Exotic animals bill has sanctuary operators roaring

Posted April 24, 2015
Updated April 28, 2015

— North Carolina is one of a handful of states with no state law regulating the ownership of exotic animals. A bill backed by a number of animal advocacy groups would change that, but some say it could put wildlife sanctuaries out of business.

House Bill 554 would prevent private ownership of dangerous, exotic animals. It is backed by the Humane Society, the state's Veterinary Medical Board and the North Carolina Zoo.

But the operators of the Conservators Center in Caswell County say they fear the legislation could force them to shut down. The sanctuary is home to 80 animals, including lions and tigers that were brought to the center from across the country after being rescued from abuse.

"We do find it unbelievable that we're at risk, but if you look at the words of this bill, that is a fact," said Julia Matson Wagner, assistant director of the Conservators Center. "Unfortunately, the way in which it has been drafted, there are many unintended consequences as a result of language issues."

Kim Alboum, North Carolina director for the Humane Society of the United States, said the bill targets individual owners and isn't meant to prey on places like the Conservators Center.

"First responders could literally walk into a backyard in some of our counties in North Carolina and find a tiger in a dogpen," Alboum said. "This bill grandfathers current, existing facilities just as long as they register with the county and agree to inspections by animal control and post signs for dangerous animals."

The Conservators Center is licensed by the U.S. Department of Agriculture, which conducts inspections.

Sponsor Rep. Chuck McGrady, R-Henderson, said the language in the bill does need some revising, but he also said the aim isn't to shut down places like the Conservators Center. Previous efforts in the General Assembly to regulate wildlife owners have failed.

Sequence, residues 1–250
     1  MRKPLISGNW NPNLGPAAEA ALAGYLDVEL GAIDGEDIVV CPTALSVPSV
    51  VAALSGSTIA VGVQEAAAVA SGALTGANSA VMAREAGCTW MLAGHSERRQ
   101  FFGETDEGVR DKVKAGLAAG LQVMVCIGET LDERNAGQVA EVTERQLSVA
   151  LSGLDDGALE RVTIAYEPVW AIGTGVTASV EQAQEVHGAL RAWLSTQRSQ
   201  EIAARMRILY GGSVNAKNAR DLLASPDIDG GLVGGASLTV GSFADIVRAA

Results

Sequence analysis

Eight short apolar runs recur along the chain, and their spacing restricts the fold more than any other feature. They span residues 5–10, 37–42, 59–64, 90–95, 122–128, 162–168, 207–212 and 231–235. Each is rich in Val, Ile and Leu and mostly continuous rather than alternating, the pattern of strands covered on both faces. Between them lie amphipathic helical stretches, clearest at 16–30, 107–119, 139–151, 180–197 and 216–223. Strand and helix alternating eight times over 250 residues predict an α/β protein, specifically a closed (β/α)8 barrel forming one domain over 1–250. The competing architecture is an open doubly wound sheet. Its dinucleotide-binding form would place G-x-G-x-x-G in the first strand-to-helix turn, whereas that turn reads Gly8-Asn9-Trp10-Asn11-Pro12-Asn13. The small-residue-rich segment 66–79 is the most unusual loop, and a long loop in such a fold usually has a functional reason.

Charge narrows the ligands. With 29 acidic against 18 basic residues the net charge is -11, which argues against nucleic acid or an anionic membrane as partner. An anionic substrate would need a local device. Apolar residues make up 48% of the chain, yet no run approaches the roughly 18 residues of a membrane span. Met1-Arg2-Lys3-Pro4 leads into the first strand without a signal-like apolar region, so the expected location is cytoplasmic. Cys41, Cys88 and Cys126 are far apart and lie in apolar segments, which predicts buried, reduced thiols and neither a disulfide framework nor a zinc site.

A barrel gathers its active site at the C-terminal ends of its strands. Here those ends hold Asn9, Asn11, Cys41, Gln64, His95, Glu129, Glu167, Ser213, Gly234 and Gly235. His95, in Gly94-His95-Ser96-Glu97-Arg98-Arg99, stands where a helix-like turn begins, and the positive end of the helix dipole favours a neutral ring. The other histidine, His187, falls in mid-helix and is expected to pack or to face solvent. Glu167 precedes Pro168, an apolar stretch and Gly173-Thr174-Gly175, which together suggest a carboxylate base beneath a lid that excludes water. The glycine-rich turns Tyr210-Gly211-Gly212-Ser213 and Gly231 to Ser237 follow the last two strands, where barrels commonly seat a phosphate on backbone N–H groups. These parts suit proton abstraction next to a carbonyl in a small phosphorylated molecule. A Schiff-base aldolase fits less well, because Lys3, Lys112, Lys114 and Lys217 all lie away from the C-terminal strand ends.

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  • Troi Perkins May 6, 2015
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    It seems there is some information missing from this news report. While it's good to hear the Conservator Center's side; there is no mention of what the "language" is that needs revision and would put the Conservator's Center at risk. Nor is there really any mention of what the bill's facts are (like the exotic animals affected being just "dangerous" exotics defined as big cats, primates, and canines) in the news clip. The bill I read said exactly what the Humane Society person said in that the Conservator Center would not have any of their animals taken from them because they are grandfathered in. The only thing that I read that would affect the Conservator's Center in the bill is that they could no longer breed. I also take issue with the fact the news reporters say that it could put "wildlife sanctuaries out of business" and then only give the Conservators Center's opinion. There are other wildlife sanctuaries not mentioned like Carolina Tiger Rescue which agrees with the bill.

  • Dorinda Hayes Apr 25, 2015
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    People should not be able to own large exotics in garage or basements, but do what you have to do, to not hurt The Conservation Center or any of the legitimate sanctuaries. I worked for a pet shop a long time back, and the owner had a beautiful leopard in the basement in a tiny enclosure, in the dark most of the time. The leopard was finally taken from him,. It was a cruel existence down there for that poor cat.